Do you want to quadruple traffic to your blog?
Better yet, do you want to quadruple high–quality traffic to your blog?
In an older blog post about the importance of keeping a content calendar to increase traffic, we broke down why content calendars help increase traffic.
To recap, one way to increase traffic to your blog is by consistently publishing quality content. Content calendars provide an ideal way for you to stay publish-ready: by ensuring that teams always have good content ready to publish, they implicitly push teams to stay efficient. Put another way, content calendars enable content managers and writers always to stay two steps ahead of the game.
So, content calendars keep you, your team, and your blog organized and empowered. They keep you on ‘the right path’. They’re a little like that friend who always keeps you out of trouble.
But, what exactly IS a content calendar? We all probably understand that it’s a scheduling tool, but how exactly do you make and use one?
Let’s be clear: not just any calendar will do. As we broke down in the older blog post, a content calendar gives you insight into the entire production process, allowing you to anticipate any fallbacks or to speed up the process when necessary. Doing all of this meticulous tracking and updating would be a nightmare if you were just using a simple pen and paper calendar, or even Google Calendars.
A quality, impactful content calendar is made up of two tools: a project management tool and a content management system.
Project Management Tool
Project management tools are an essential part of a content calendar because it lets you break down the process of content creation step-by-step.
More specifically, a good project management tool lets you take a particular project, such as creating a piece of content, and break it down into tasks and subtasks.
This kind of PM tool also lets you assign a person(s) who will be responsible for managing and executing each task.
Finally, the tool lets you choose deadlines for each task and sub-task.
Combined, these three factors will make it easier for you to oversee the content creation process from the ground up. Thanks to this increased visibility, you will be able to better project the speed at which your team can produce new content.
In other words, you can effectively think of the project management tool as the engine of a content calendar. Through the tool, you can seamlessly change deadlines or the person responsible for each task; speed up projects or slow them down; or focus on one step at a time when necessary.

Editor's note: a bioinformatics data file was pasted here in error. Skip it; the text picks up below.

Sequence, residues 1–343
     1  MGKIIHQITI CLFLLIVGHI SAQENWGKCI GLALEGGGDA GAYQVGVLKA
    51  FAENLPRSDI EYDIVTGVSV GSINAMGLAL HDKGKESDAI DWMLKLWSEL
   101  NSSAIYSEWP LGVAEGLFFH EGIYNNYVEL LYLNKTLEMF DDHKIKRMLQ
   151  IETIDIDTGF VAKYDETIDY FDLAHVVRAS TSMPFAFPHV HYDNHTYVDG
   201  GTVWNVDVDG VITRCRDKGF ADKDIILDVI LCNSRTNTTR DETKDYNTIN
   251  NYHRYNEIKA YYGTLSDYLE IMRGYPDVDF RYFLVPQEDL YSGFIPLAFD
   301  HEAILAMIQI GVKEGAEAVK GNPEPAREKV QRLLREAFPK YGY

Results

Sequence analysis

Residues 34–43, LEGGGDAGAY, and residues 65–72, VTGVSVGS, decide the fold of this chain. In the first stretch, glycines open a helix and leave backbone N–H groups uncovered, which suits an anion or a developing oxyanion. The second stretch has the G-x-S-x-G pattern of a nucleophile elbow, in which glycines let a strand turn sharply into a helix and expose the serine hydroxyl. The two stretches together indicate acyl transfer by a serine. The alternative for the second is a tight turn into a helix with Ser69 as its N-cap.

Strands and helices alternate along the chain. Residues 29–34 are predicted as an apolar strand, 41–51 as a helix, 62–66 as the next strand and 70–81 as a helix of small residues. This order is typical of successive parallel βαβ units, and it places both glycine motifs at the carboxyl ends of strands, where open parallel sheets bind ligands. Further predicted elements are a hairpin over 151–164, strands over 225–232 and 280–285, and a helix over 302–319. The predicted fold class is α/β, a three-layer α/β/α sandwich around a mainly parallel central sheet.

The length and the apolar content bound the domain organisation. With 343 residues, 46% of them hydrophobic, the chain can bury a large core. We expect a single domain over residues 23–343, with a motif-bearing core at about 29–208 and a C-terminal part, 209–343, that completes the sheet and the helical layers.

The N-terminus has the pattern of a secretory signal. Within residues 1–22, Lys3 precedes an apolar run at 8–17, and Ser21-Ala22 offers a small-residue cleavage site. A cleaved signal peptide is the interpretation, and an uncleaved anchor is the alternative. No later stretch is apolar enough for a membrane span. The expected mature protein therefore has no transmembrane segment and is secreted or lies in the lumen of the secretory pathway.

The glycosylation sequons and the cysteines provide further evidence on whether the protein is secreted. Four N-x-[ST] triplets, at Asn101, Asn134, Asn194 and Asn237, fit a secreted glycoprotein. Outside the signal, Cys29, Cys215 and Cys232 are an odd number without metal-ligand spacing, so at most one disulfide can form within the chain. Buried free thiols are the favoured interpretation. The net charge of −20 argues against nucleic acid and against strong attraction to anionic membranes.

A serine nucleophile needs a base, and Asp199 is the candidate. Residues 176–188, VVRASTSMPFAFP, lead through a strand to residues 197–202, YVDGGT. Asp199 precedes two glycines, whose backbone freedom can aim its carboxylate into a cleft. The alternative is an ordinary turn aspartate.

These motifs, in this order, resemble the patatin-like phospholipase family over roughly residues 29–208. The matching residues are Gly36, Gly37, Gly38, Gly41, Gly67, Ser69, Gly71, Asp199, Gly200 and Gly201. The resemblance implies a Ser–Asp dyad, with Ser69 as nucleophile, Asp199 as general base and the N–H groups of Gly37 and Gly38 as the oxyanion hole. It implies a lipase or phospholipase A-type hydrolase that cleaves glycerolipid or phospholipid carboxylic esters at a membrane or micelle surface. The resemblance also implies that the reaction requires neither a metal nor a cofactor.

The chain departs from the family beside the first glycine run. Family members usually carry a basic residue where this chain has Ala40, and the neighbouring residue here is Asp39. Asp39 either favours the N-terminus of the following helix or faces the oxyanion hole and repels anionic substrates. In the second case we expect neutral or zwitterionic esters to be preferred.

There are lots of project management tools out there, though, so how do you decide which to try? Personally, I love using Asana because of its seamless task tracking platform. Its user-friendly interface allows you to see easily into the entire production machine and quickly make changes where necessary. It’s amazing!
Content Management System
The second piece of a content calendar is a Content Management System (CMS).
A CMS marries the planning element of the calendar (done with a Project Management Tool) with the actual execution of the calendar.
A CMS lets you upload, design, publish content online–and the best ones out there, like HubSpot, will let you schedule content way ahead of time too. Not only does this enable you to be proactive and stay two steps ahead (link to old blog post), but it also gives you amazing data and the ability to test.
With a CMS, you’ll be able to stay ahead of and consistent with your publishing plans.
To top it off, a CMS also gives you a comprehensive picture of your entire content strategy.
The best CMS platforms out there will give you tons of insight into the performance of your content: they’ll show you exactly how much traction it’s getting as well as the publishing data. This means you can align your project management tool with your content management system so as to run different types of tests and campaigns. You can test out different publishing schedules, frequencies, and strategies and subsequently analyze the data to see what works best.
In sum, think of a project management tool as the engine of a content calendar, and the content management system as the steering wheel. They need to be aligned if they are to provide top-quality performance, and together, they can drive your content strategy towards continuously growing quality traffic for your blog.